Figure 3. (a) Temperature and geopotential height at 500 mb on 16 May 2020, 12:00 UTC, by WRF. (b) Geopotential height and wind at tropopause on 16 May 2020, 18:00 UTC, by WRF.
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Figure 4. Variation of UVI as retrieved from the PSR measurements (upper plot). Variation of TOC as retrieved from BRS compared to OMI and average ± 2σ for the period, derived from BRS 2004–2019 data (middle plot). AOD at 320 nm as retrieved from BRS along with climatological average AOD at 340 nm as retrieved from AERONET for the period 2009–2018 (lower plot).
Figure 4. Variation of UVI as retrieved from the PSR measurements (upper plot). Variation of TOC as retrieved from BRS compared to OMI and average ± 2σ for the period, derived from BRS 2004–2019 data (middle plot). AOD at 320 nm as retrieved from BRS along with climatological average AOD at 340 nm as retrieved from AERONET for the period 2009–2018 (lower plot).
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Figure 5. Diurnal variation of UVI on 13th of May 2020 as retrieved from the PSR measurements (blue curve), in comparison with modeled UVI predicted using RTM with climatological TOC and AOD inputs (orange dots) and modeled UVI using BRS AOD and TOC as input and modeled UVI using BRS TOC but zero aerosols.
Figure 5. Diurnal variation of UVI on 13th of May 2020 as retrieved from the PSR measurements (blue curve), in comparison with modeled UVI predicted using RTM with climatological TOC and AOD inputs (orange dots) and modeled UVI using BRS AOD and TOC as input and modeled UVI using BRS TOC but zero aerosols.
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Figure 6. Diurnal variation of UVI on 15 May 2020 as retrieved from the PSR measurements, in comparison with modeled UVI predicted using: RTM with climatological TOC and AOD inputs, BRS AOD and TOC, BRS TOC without aerosols.
Figure 6. Diurnal variation of UVI on 15 May 2020 as retrieved from the PSR measurements, in comparison with modeled UVI predicted using: RTM with climatological TOC and AOD inputs, BRS AOD and TOC, BRS TOC without aerosols.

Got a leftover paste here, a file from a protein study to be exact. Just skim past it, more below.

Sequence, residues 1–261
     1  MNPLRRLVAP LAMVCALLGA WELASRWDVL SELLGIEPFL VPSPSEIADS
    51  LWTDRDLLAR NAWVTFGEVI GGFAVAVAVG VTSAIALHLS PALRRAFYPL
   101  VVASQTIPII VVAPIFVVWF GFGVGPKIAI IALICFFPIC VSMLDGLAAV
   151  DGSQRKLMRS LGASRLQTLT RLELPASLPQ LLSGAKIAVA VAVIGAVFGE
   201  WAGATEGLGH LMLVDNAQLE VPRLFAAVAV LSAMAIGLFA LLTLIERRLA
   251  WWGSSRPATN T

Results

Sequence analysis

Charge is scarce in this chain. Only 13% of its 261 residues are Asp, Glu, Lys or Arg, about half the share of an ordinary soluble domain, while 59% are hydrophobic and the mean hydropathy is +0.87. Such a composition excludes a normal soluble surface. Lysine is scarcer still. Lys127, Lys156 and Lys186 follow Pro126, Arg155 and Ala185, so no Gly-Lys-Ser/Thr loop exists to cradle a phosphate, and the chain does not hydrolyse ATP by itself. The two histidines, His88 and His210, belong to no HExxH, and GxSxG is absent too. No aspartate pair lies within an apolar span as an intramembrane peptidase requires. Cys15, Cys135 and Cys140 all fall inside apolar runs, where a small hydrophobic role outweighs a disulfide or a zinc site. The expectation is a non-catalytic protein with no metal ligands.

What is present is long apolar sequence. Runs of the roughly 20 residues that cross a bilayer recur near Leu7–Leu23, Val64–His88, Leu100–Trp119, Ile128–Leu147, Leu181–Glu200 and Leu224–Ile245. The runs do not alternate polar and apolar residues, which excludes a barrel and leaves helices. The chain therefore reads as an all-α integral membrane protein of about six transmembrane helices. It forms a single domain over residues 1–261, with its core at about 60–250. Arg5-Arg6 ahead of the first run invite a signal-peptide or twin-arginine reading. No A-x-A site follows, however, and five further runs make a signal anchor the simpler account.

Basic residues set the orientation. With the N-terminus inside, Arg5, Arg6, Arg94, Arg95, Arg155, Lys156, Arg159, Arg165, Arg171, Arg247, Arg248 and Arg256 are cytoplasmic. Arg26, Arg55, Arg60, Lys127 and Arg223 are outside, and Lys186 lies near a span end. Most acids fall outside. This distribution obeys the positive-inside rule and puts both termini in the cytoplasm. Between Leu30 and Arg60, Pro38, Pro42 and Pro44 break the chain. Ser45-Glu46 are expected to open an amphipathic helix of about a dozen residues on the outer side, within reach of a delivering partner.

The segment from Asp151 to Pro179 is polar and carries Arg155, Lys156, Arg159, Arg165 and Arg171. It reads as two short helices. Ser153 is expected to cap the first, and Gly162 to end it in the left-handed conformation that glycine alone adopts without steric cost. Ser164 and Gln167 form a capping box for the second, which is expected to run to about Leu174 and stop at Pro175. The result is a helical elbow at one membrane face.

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Figure 7. Upper plot modeled and measured with PSR GHI at SZA 30° and 50°. Lower plot, ratio of modeled to measured GHI, at seven different SZAs in the region 30°–60°.
Figure 7. Upper plot modeled and measured with PSR GHI at SZA 30° and 50°. Lower plot, ratio of modeled to measured GHI, at seven different SZAs in the region 30°–60°.
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Figure 8. Ratio of modeled spectra in the UV region, as derived from RTM, with mean TOC measured by BRS on 15 May 2020, and climatological TOC, at two solar zenith angles.
Figure 8. Ratio of modeled spectra in the UV region, as derived from RTM, with mean TOC measured by BRS on 15 May 2020, and climatological TOC, at two solar zenith angles.
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Figure 9. Ratio of modeled spectra in the UV region, as derived from RTM, with mean AOD measured by BRS on 14 May 2020 and no aerosols, at two solar zenith angles. The range of the ratios for different runs with SSA between 0.9 and 0.8 is shown.
Figure 9. Ratio of modeled spectra in the UV region, as derived from RTM, with mean AOD measured by BRS on 14 May 2020 and no aerosols, at two solar zenith angles. The range of the ratios for different runs with SSA between 0.9 and 0.8 is shown.
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Raptis, I.-P.; Eleftheratos, K.; Kazadzis, S.; Kosmopoulos, P.; Papachristopoulou, K.; Solomos, S. The Combined Effect of Ozone and Aerosols on Erythemal Irradiance in an Extremely Low Ozone Event during May 2020. Atmosphere 2021, 12, 145.

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Raptis I-P, Eleftheratos K, Kazadzis S, Kosmopoulos P, Papachristopoulou K, Solomos S. The Combined Effect of Ozone and Aerosols on Erythemal Irradiance in an Extremely Low Ozone Event during May 2020. Atmosphere. 2021; 12(2):145.

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Raptis, Ioannis-Panagiotis, Kostas Eleftheratos, Stelios Kazadzis, Panagiotis Kosmopoulos, Kyriakoula Papachristopoulou, and Stavros Solomos. 2021. "The Combined Effect of Ozone and Aerosols on Erythemal Irradiance in an Extremely Low Ozone Event during May 2020" Atmosphere 12, no. 2: 145.